Pastrami on Rye
Pastrami on rye is the Jewish delicatessen everyone loves to have as a quick, go-to meal. It is a delicious overstuffed sandwich with slices of pastrami and flavorful toppings. The recipe was assimilated into American culture during the era of 1900 when hundreds of Romanian moved to New York City. Soon the delicatessen became a popular American dish inspired by native traditions.
Today, you can find plenty of variations of pastrami on rye sandwiches prepared with a foot-high pile of meat, heaping scoop of chicken meat, basins of delicious pickles, and loaves of puffy rye. Though you can prepare a pastrami sandwich with your variation, the best way to enjoy it is to find the best Jewish restaurant near you and treat yourself to the authentic flavors of this delicacy.
Keep on reading to find everything you need to know about a pastrami on rye sandwich.
The History of the Pastrami Sandwich
Though pastrami is a Jewish American creation, it has a long history that dates back to the 19th century. The classic Jewish deli food is perfectly smoked, cured, and spiced before serving. The recipe came to America with Romanian immigrants in the late 19th century. However, the peppery blend used in this classic Jewish sandwich has a history that goes further back in 19 century.
Originating from the jerky-like pastirma, the Ottoman Turks were the first people to prepare this Jewish Deli. They used dried salt to cure and preserve meat (mutton, beef, or goat). Once dried, the Turks rubbed the spices on the meat and left it for some time before eating.
The recipe then reached Eastern Europe with the trade of spices and soon became one of the mainstays in Romania. Native Romanian adapted the recipe in a variety of ways using the meat of goose. It traveled from Romania to the USA via Romanian immigrants. Most people started using beef brisket instead of goose as it was more economical for them
Nowadays, people use naval cuts to make pastrami sandwiches to save money. Plus, weaker salt brine is considered a better option to make softer pastrami salt.
What Is in Pastrami on Rye?
Pastrami on rye is a fantastic Jewish deli food and signature sandwich in New York. In fact, it is a staple of several Jewish delis. You can make the sandwich by simply putting delicate slices of pastrami on rye bread and adding the mustard spicy sauce. People love to enjoy pastrami on rye with kosher dill pickles.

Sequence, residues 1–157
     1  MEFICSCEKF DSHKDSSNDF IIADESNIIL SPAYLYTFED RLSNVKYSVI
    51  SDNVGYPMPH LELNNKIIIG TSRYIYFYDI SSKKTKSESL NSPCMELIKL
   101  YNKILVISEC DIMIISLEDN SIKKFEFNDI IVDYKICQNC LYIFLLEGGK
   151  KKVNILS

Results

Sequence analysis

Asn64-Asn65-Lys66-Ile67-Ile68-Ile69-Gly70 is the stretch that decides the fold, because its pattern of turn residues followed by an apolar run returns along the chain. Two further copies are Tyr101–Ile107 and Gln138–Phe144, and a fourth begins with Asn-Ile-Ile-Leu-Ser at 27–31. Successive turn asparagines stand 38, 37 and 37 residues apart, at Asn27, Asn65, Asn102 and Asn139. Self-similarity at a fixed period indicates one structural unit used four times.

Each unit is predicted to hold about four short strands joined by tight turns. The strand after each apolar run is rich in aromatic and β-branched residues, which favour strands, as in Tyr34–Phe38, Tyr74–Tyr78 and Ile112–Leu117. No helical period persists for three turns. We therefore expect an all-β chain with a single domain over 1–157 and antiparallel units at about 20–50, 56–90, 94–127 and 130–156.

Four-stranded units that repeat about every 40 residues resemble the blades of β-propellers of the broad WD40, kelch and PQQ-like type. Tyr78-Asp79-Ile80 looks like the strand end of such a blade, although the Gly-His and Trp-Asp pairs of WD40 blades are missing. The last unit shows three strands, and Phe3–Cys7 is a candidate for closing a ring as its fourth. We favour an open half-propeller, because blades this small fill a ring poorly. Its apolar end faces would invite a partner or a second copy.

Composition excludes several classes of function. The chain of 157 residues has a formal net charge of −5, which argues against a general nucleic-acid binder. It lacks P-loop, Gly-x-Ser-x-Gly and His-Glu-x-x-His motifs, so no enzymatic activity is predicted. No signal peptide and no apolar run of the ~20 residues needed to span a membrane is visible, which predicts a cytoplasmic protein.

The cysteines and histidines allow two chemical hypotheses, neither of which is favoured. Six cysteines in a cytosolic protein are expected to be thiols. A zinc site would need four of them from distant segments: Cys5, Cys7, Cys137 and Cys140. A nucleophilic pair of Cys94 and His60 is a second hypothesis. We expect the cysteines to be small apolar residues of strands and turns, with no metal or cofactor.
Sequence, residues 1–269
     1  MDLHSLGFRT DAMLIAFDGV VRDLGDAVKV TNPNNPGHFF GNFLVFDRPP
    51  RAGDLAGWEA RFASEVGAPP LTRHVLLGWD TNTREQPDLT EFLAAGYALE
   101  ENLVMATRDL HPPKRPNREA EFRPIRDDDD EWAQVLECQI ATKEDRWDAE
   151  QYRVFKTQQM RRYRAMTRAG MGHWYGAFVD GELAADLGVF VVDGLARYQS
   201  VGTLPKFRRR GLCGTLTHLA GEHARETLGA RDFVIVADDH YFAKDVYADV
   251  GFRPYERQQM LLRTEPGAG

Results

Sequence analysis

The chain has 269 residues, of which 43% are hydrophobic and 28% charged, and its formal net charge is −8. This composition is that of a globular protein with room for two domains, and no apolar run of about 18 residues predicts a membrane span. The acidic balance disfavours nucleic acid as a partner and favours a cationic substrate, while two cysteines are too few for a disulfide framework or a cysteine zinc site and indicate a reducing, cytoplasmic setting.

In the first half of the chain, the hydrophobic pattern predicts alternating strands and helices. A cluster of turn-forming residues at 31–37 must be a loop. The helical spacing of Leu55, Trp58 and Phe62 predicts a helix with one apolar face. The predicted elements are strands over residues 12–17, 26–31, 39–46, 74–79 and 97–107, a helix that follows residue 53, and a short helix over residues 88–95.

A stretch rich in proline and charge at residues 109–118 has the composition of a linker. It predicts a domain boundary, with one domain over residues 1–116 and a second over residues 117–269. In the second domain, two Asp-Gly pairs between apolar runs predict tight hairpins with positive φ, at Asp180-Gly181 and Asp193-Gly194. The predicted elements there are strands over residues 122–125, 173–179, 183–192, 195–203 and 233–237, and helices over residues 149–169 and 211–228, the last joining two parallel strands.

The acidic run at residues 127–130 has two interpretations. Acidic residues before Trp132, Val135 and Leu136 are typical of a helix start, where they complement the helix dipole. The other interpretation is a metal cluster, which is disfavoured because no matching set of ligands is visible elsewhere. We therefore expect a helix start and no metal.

Romanian immigrant Sussman Volk invented or introduced the recipe to Americans in 1888. Also, he was the owner of the first deli in New York. He opened a Jewish food restaurant named Katz’s Delicatessen which was a popular place to have pastrami on rye sandwiches.
Variations of the Classic Jewish Sandwich
While the original pastrami sandwich uses goose meat, it tastes equally delicious with other variations such as rye bread, beef, and vegetables. People also use Russian salad, coleslaw, and corned beef with pastrami sandwiches to make it more flavorful, healthy, and unique.
Preparation includes placing meat on the rye bread and adding coleslaw topping. Using Russian dressing on the top of the bread is the most interesting variation of the pastrami sandwich.
Many people like preparing a pastrami sandwich with tomato and lettuce. They use two toasted sourdough bread slices, tomato slices, mayonnaise, and lettuce as the main ingredients. It is also prepared with toasted slices of sourdough bread and tomato and lettuce topping.
Another bread slice with mayonnaise topping can be placed on the top to make the sandwich more scrumptious.
The Difference between Pastrami and Corned Beef
Many people confuse pastrami and corned beef when it comes to ordering Jewish delicatessen. It is important to keep in mind that both pastrami sandwiches and corned beef are different things. You may like one depending on your taste preferences.
Here are some distinguishing features of both pastrami and corned beef to help you resolve the mystery between the two.
» Different Origins
The major difference between the two foods is their origins. Pastrami has either Romanian or Turkish ancestry. The one of Romanian origin is made with mutton or pork while the Turkish is a pastirma descendent prepared with beef.
Corned beef however is an Irish dish specially prepared on St. Patrick’s Day which is a religious occasion for Jewish
» Pastrami and Corned Beef Use Different Meat Cuts
Another basic difference between corned beef and pastrami sandwiches is the meat cut they use for filling. While both are made from red meat, different animal parts are used for the cuts. Pastrami’s meat is a shorter cut taken from the section below the ribs. It is lean, firm, and juicier.
Corned beef is the cut from the cow’s lower chest called brisket. Some restaurants use brisket to make pastrami.
» Different Cooking Process
Pastrami is steam cooked with the help of a water pan that’s placed nearby. It moistens the meat by creating steam. Once steamed, the dish is cooled down to serve. However, corned beef is boiled meat served with accouterments and cabbage.
Head Over to Brent’s Deli for the Best Pastrami on Rye in the Valley!
Searching for the best Jewish Deli near me?
Visit Brent’s Deli to have a variety of delectable pastrami on rye. The restaurant serves the most delicious combination of flavors in the form of toppings and smoked meat. You can order pastrami on rye at home or enjoy it at Brent’s Deli to celebrate the unique creation of flavors.
Brent’s Deli Westlake Village and Brent’s Deli Northridge locations are one of the sought-after places people head over to try authentic, tasty, and fresh meals. The menu is full of mouthwatering Jewish delicatessen you would love to try.
Whether it is an occasion you want to celebrate with your friends or a dinner date with your partner, Brent’s Deli is an ideal place to indulge in yummy and delicious pastrami on rye in the Valley.